Canon Model 7 instruction booklet from 1962

There’s not many opportunities to find an original Canon Model 7 instruction booklet in Japanese here in the US, but one did pop up on an auction site recently so I added it to my collection.
The date code printed on the bottom center of the back cover (1162) is the date that this booklet was printed. In this case November 1962 which is about a year and a half after the camera was first released.

The back cover (top) translates as – Canon Camera Co., Ltd., Headquarters Factory Shimomaruko-cho, Ota-ku, Tokyo and their sales office at 7-1 Ginza, Chuo-ku, Tokyo (Yamato Building, 3rd Floor).

Here’s a scan from inside the booklet showing how to properly hold the camera. I might mention that any translations come directly from my Google translation app on my phone.
The English Edition of the same booklet but printed in 1966.

Thanks for stopping by and have a great day and please, be safe!

Comments are always welcomed as I’ve learned quite a bit from reader feedback. As always, thanks for stopping by and while you’re at it, feel free to visit my camera shop at http://www.ccstudio2380.com (CC Design Studios hosted by Etsy). – Chris Whelan

Please respect that all content, including photos and text, are the property of this blog and its owner, Yashica Pentamatic Fanatic, Yashica Sailor Boy, Yashica Chris, Chasing Classic Cameras with Chris.

Copyright © 2015-2021 Chasing Classic Cameras with Chris (Yashica Pentamatic Fanatic), Chris Whelan
All rights reserved.

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Canon Model 7 Instruction Booklet – 1968

I was rather surprised to find such a late date booklet for the original Canon 7 35mm rangefinder camera (August 1968) since the camera went out of production in 1964. The Canon Model 7s was in full production during this period (it followed the Model 7 with only slight improvements).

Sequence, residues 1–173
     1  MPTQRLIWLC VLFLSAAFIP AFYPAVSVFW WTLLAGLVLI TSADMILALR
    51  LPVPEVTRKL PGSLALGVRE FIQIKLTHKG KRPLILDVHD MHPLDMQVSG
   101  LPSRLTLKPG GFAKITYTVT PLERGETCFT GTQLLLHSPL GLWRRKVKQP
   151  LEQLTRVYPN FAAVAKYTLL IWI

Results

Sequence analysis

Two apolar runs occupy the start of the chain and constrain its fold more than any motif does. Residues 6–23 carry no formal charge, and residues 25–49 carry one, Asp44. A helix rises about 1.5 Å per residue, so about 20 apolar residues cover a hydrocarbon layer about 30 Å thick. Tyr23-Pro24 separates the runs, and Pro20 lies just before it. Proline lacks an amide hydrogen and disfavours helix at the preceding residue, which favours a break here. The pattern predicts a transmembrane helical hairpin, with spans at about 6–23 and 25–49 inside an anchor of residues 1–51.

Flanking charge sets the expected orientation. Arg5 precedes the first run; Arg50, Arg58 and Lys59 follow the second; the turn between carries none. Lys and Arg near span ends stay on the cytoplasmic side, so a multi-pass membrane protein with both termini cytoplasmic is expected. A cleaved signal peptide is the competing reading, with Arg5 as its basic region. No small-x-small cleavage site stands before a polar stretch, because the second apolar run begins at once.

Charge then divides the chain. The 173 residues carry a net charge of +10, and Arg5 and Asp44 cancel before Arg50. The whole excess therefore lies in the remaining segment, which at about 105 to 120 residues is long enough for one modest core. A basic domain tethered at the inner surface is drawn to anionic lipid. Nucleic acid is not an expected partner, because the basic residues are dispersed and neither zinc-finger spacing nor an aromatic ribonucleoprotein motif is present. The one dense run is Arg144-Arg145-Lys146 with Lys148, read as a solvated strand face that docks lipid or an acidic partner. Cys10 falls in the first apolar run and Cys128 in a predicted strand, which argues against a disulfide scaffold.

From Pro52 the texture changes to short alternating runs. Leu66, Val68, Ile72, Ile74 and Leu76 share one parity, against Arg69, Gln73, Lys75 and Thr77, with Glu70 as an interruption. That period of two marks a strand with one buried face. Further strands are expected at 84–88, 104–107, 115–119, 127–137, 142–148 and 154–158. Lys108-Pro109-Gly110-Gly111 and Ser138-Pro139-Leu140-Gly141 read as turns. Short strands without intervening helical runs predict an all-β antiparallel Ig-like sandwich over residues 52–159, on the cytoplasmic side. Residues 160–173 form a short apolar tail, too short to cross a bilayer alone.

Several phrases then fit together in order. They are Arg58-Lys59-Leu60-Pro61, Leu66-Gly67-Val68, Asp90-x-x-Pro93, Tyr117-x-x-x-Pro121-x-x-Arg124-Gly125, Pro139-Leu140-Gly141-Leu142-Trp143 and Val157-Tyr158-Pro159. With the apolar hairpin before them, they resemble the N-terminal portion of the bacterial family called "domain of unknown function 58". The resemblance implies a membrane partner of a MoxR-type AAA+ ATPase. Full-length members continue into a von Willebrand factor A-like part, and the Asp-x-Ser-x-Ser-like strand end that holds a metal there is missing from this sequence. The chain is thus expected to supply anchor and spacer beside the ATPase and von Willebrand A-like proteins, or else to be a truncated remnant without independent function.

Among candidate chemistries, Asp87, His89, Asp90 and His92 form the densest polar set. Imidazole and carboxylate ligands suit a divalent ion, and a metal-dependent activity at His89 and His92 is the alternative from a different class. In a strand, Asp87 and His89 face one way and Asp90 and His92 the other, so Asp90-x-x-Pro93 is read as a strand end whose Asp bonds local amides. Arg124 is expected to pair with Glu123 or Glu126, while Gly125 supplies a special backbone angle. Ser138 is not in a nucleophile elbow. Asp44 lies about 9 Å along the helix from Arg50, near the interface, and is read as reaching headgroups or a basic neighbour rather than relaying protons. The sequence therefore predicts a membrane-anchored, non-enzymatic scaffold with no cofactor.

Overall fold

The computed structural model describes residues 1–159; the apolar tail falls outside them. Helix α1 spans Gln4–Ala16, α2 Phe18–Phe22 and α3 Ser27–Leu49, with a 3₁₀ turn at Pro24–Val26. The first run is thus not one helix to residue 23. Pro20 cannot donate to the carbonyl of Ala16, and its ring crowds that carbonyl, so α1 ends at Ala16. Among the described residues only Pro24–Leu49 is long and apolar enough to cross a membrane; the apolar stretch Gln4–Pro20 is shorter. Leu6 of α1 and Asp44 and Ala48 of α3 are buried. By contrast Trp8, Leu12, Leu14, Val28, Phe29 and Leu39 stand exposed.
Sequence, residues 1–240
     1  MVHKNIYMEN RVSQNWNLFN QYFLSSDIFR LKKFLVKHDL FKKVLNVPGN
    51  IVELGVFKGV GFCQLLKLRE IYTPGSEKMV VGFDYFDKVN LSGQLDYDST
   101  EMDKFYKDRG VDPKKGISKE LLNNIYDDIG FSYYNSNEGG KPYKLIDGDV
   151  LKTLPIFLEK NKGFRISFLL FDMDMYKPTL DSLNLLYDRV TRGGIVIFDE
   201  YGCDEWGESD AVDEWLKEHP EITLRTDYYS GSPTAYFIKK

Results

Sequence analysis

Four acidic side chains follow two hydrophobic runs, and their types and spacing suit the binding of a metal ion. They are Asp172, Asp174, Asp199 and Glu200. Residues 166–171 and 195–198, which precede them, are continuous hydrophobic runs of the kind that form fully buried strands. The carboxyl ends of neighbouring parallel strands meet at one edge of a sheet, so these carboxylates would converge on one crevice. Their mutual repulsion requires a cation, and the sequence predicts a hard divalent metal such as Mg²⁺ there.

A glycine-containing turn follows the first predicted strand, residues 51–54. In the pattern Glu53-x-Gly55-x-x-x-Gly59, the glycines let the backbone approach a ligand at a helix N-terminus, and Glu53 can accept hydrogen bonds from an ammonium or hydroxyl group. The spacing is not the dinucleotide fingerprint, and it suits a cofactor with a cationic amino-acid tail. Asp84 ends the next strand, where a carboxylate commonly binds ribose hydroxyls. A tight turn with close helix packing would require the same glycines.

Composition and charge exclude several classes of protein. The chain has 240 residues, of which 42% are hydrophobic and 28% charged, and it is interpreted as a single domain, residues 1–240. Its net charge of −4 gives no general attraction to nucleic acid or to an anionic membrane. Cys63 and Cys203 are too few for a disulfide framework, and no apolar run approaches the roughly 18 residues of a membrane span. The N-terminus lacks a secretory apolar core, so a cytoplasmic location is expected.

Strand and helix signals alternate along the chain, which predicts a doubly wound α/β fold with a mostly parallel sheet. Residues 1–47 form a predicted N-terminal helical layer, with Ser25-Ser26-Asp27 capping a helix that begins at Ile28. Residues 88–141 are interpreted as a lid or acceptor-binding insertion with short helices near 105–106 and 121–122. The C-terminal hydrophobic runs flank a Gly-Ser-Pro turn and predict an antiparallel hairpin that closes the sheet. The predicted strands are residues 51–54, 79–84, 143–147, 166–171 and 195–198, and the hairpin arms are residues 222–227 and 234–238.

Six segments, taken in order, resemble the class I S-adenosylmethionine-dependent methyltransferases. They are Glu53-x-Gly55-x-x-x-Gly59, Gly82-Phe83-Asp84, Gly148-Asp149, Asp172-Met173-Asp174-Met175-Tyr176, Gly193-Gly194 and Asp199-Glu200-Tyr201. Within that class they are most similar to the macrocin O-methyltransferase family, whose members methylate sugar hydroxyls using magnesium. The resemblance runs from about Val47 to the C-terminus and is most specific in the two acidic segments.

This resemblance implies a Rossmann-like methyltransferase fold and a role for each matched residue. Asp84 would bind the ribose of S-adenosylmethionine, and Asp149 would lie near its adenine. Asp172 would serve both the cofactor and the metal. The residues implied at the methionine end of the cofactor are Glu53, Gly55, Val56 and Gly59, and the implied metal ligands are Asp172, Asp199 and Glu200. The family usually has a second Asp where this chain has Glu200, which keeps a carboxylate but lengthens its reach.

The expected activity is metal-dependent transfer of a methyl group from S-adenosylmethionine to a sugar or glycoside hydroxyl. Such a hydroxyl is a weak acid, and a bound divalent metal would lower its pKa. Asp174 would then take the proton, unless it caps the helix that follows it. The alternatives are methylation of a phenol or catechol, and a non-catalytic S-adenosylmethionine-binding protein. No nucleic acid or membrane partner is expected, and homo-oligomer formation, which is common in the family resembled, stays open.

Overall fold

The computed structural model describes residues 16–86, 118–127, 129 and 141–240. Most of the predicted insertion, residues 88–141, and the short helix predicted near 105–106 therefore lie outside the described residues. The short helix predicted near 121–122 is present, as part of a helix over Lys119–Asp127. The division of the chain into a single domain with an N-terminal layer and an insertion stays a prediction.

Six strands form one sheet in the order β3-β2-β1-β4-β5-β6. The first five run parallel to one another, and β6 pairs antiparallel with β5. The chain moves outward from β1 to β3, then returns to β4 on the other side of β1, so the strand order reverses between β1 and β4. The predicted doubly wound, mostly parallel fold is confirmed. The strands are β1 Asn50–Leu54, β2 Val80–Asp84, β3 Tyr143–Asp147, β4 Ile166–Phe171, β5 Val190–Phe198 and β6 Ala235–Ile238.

A scan of the front cover and inside back cover from the booklet. Canon didn’t feature their 50mm f/0.95 lens in this edition.
A scan of the back cover – take note of the 08/68 date code (bottom center). Again the f/1.4 lens is featured.

I haven’t had the opportunity to use my Model 7 yet as I’ve been super busy with a refresh of my kitchen (paint, new floors, and new cabinets) but I hope to soon. Here in Florida COVID-19 the Delta variant is running rampant so the thought of a walkabout with the camera is on hold for now. I’m vaccinated but apparently not many of my fellow Floridians and tourists are (https://covid.cdc.gov/covid-data-tracker/#county-view). What a shame as the local hospitals are nearly full with sick unvaccinated people.

Thanks for stopping by and be safe.

Comments are always welcomed as I’ve learned quite a bit from reader feedback. As always, thanks for stopping by and while you’re at it, feel free to visit my camera shop at http://www.ccstudio2380.com (CC Design Studios hosted by Etsy). – Chris Whelan

Please respect that all content, including photos and text, are the property of this blog and its owner, Yashica Pentamatic Fanatic, Yashica Sailor Boy, Yashica Chris, Chasing Classic Cameras with Chris.

Copyright © 2015-2021 Chasing Classic Cameras with Chris (Yashica Pentamatic Fanatic), Chris Whelan
All rights reserved.

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It’s just a box

Chasing boxes — sounds pretty lame and it is in the big picture of collecting classic and vintage cameras but a camera box from the early 1960s can be either a rat or a gem after all these years. They’re just colorful cardboard with some stickers here and there after all and cardboard doesn’t do well if stored improperly. Moisture, bugs, sunlight, heat, pollution and crushing are just a few of the nasty things that can degrade 40, 50, and 60 year-old cardboard.

So, knowing all of the things that are stacked against finding a collectible camera box I’m happy to say that this one is a pleasant surprise. It’s far from perfect but it’s still very nice (no not so funny smells either).